Mutants showed various levels of impaired function, which we divided into four categories. The most defective mutants were trapped on the chaperone proteins CCT and prefoldin, indicating that they did not fold properly (category I). The next most severe defects (category II) showed an increased affinity for the cyclase-associated protein (CAP), which has a high affinity for the nucleotide-free state of actin and can indicate folding instability (Rommelaere et al., 2003). CAP binds in the subdomain 1-3 cleft of the actin monomer (Rommelaere et al., 2003) and acts with cofilin to promote rapid actin turnover in mammalian cells (Moriyama and Yahara, 2002). It has connections with Ras signaling in yeast and is proposed to sequester actin monomers in Dictyostelium, but very little is known about its function in mammals (Freeman and Field, 2000; Gerst et al., 1991; Noegel et al., 2003). Most of the actin mutants folded, bound normally to DNase I, Vitamin-D-binding protein (DBP), thymosin-β4 and profilin (categories III and IV), but category III mutants showed reduced ability to co-polymerize with wild-type actin.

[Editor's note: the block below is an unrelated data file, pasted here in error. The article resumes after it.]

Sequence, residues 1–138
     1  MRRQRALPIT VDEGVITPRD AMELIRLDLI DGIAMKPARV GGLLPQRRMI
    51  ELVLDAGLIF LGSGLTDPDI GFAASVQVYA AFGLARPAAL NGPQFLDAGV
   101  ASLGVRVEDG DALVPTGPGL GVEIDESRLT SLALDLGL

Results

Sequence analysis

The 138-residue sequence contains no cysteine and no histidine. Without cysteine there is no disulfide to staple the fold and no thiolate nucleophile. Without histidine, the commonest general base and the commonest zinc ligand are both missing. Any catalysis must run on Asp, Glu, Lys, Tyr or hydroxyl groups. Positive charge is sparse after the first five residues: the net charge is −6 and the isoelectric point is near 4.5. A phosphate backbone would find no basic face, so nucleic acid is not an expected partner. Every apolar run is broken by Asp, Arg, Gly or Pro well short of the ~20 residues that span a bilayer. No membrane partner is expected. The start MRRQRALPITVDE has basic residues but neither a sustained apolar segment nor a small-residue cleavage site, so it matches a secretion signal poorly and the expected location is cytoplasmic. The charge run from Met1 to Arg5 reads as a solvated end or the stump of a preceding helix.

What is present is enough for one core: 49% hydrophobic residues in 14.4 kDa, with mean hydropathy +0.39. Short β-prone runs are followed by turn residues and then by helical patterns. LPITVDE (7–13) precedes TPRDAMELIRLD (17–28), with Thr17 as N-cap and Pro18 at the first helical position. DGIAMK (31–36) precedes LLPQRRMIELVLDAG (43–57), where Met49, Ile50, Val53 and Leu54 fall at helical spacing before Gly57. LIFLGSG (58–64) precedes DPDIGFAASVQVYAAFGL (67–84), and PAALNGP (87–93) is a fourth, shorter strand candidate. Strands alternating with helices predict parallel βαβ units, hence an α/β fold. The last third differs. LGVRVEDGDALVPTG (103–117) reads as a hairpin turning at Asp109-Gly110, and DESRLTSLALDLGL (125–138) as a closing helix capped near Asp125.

By expressing several of the actin mutants in an in vitro cell culture system, we found, in seven out of ten cases, a correlation between whether patients had nemaline bodies and similar deposits of actin in the cultured cells. Overall, we propose that actin-based congenital myopathies occur via several molecular mechanisms, ranging from an unstable actin monomer to more subtle changes in molecular interactions or function.

Materials and Methods

Construction of the α-actin NEM mutants

ACTA1 mutations were made with the Quick Change site directed mutagenesis kit (Stratagene, UK) according to the manufacturer's instructions, using the ACTA1 cDNA sequence in pcDNA3.1 (Invitrogen, UK) as a template and appropriate primers. N-Terminal Myc-tagged wild-type and actin mutants were made by the polymerase chain reaction using the actin mutants in the pcDNA3.1 vector as template, a 5′ primer containing the Myc sequence preceded by a HindIII site and a 3′ primer containing an XbaI site. These fragments were ligated into HindIII- and XbaI-digested pcDNA3.1. Constructs were sequenced to verify the complete ACTA1 coding sequence and correct introduction of the desired mutation.